Tag Archives: Chechnya

Would You Believe Russia Will Find Killers?

The history of Putin Russia is ongoing murder of activists who seek to fight for the rights of individuals. President Dimitry Medvedev on Friday ordered Chechen President Ranzan Kadyrov to take a serious approach to finding out who was responsible for the recent murders of two activists in Chechnya. “A whole sequence of political murders and assassination attempts have the aim of destabilizing the situation in the Caucasus. The president of the Chechnya republic should do everything he can to find and expose those responsible.”

There is one problem– what if the president of the Chechen republic has had a hand in the deaths of these activists? Human rights groups have accused the Chechen government of complicity in the murders of several activists. Most probably Medvedev’s call for action is merely a response to criticism from European leaders like Chancellor Merkel.

Russia Says It Is Triumphant In Chechnya

Ten years ago, then Prime Minister Vladmir Putin sent thousands of Russian troops into the secessionist republic of Chehnya and made clear they would remain until victory had been achieved. During the ensuing decade, thousands died on each side in a bloody and cruel war in which there were brutalities on both sides. Chechnya became a hotbed for insurgents because of the inept and brutal actions by Russian soldiers who abused both the enemy and innocent civilians. About seven thousand men took to the hills in 2000 to continue the fight against Russia, but as the years passed and the reality of life in mountains and constant fighting finally caught up, the men slowly went back home either with a pardon or simply out of exhaustion.

The secessionists divided into an Islamic and a Chechen nationalist group. The secessionists during the time period 1996-1999 had control over a state, but internal squabbling and incompetent leaders cost them an opportunity to present Russia with a fait accompli by letting the world see an independent and democratic society. Putin put in charge brutal local Chechen leaders who saw no problem in killing secessionists as long as they got power and money. The Chechens sold out and lost their people an opportunity for having their own state.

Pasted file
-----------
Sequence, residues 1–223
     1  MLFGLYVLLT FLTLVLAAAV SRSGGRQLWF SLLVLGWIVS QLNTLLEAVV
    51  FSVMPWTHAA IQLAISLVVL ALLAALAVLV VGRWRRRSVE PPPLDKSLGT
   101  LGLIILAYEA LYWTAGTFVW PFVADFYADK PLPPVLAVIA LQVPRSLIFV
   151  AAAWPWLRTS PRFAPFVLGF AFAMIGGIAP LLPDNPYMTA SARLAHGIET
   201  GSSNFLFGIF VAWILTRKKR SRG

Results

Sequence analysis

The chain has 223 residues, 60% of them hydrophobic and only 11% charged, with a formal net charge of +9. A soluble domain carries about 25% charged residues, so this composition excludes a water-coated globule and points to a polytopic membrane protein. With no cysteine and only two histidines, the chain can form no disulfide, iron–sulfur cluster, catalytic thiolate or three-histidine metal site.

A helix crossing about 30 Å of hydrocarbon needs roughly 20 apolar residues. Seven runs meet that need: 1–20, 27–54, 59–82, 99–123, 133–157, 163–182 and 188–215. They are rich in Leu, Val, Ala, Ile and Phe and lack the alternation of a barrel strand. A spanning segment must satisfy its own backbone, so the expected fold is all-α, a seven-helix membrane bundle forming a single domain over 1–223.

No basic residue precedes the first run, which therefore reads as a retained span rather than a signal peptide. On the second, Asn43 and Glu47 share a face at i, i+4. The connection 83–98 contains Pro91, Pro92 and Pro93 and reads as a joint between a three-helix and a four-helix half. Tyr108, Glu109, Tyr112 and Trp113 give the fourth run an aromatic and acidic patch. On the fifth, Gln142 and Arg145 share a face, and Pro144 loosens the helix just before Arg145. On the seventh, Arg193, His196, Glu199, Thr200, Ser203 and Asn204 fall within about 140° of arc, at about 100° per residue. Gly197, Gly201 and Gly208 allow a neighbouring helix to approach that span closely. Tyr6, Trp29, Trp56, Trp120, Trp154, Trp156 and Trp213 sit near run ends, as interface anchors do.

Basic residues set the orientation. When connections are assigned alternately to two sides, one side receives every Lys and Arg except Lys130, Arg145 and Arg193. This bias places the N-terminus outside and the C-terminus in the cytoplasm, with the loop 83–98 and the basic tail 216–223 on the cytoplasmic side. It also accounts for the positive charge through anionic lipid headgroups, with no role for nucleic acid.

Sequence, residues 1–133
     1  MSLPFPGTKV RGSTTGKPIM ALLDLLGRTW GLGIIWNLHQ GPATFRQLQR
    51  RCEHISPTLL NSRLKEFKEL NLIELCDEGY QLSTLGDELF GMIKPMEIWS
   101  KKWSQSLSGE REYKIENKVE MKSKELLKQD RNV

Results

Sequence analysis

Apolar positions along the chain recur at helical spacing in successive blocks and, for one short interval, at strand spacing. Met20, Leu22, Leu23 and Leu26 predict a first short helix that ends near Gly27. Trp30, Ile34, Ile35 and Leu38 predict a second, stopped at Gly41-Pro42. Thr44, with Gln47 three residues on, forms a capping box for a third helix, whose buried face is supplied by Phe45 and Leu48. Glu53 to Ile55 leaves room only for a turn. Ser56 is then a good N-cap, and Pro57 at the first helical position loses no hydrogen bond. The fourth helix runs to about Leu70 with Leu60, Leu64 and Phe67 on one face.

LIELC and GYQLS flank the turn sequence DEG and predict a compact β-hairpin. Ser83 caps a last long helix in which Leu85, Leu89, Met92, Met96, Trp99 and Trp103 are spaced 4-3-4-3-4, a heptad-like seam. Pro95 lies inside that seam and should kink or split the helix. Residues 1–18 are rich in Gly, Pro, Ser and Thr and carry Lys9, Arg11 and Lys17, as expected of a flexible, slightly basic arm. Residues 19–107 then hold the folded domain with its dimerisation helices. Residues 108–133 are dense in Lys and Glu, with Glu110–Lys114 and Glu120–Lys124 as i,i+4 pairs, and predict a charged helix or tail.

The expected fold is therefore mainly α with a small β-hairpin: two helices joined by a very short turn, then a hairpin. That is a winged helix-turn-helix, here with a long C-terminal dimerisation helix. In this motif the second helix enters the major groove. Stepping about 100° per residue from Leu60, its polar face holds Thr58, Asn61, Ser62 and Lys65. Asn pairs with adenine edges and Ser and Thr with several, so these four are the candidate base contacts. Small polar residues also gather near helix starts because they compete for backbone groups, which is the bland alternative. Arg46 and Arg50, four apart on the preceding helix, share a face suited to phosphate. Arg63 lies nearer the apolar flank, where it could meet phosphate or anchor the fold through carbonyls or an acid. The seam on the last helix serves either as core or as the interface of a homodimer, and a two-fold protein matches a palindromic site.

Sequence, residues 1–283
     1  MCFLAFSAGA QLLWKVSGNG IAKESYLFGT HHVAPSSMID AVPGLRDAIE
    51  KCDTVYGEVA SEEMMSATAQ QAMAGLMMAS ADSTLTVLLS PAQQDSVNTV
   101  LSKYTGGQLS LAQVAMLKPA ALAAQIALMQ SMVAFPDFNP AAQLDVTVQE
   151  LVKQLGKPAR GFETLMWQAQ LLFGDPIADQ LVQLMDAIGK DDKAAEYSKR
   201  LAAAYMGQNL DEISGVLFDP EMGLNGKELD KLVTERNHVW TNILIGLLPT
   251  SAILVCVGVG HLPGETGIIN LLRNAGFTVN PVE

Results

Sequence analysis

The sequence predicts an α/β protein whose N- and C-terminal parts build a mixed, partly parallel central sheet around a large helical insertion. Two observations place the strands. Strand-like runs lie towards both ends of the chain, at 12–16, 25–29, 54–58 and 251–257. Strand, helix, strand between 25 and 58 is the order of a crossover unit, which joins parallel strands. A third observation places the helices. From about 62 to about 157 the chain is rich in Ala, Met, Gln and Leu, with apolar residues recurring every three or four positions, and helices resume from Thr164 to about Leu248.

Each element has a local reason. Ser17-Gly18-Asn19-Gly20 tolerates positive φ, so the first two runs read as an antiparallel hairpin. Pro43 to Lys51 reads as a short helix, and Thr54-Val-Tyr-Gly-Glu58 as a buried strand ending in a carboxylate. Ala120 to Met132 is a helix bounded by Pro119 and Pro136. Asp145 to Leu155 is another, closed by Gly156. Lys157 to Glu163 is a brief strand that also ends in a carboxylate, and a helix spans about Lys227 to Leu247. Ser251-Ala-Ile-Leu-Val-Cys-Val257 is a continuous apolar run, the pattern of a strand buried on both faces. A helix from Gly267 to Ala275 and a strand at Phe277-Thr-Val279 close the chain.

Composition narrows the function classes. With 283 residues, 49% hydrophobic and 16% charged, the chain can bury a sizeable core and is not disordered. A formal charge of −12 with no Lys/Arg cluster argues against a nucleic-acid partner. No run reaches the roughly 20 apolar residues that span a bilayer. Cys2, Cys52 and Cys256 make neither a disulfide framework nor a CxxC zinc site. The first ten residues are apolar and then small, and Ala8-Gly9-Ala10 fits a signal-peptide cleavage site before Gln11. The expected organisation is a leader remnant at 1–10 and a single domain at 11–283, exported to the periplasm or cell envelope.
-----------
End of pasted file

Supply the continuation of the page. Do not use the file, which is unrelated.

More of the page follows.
Chechnya Boss Imposes Sharia Law

The rogue boss of Chechnya, Ramzan Kadyrov, made clear he was instituting a strict Sharia law on the state even though it most probably violated Russian law. Kadyrov insisted the bodies of seven young women who were shot in the head and dumped were simply testimony to the right of men to end the idea of “loose morals” for women. “If a woman runs around, and if a man runs around with her, both of them are killed.” Of course, only the bodies of the women who did the running around were found. We can assume the men who did the running are still running around. Kadyrov says women are the property of their husbands or fathers and her main role in life is bearing children and keeping the house in good order.

His actions are in clear violation of the Russian constitution which grants equal rights to women and does not allow “honor killing.” Initial reports suggest the women were not even engaged in an adultery experience but were murdered for other reasons, but that apparently does not impress the Chechnya leader who is trying to come across as tougher than fundamentalist Muslims.

Russian Government Ends Terrorism Against Humanitarian Group

The Prague based humanitarian organization -Clovek v tisni-People In Need, reclaimed the right to operate on Russian soil following a controversial two year ban. The NGO was prohibited from working in Russia two years ago when the Russian government charged it with aiding terrorism. Prior to the ban, People in Need worked on charitable projects including education and funding for small business operations in area close to where fighting was going on in Chechnya. They assisted many children who had been traumatized by the fighting and played an important role in helping people to return to their normal life style after many years coping with fighting and violence. The Russian government has been particularly upset at NGOs because they can not be controlled and function, in a sense, out of the scope of the increasingly authoritarian style of President Putin. An NGO must register and spend considerable time filling out paper work and abiding with provisions of Russian law. Vojtech Raiek of the group is uncertain what led to the reversal of the ban.

The Putin government undoubtedly has a goal of gaining complete control over all aspects of Russian life that might allow outside voices to raise questions about Putin and what he is creating in Russia. It certainly remains unclear why this NGO is now being permitted to operate.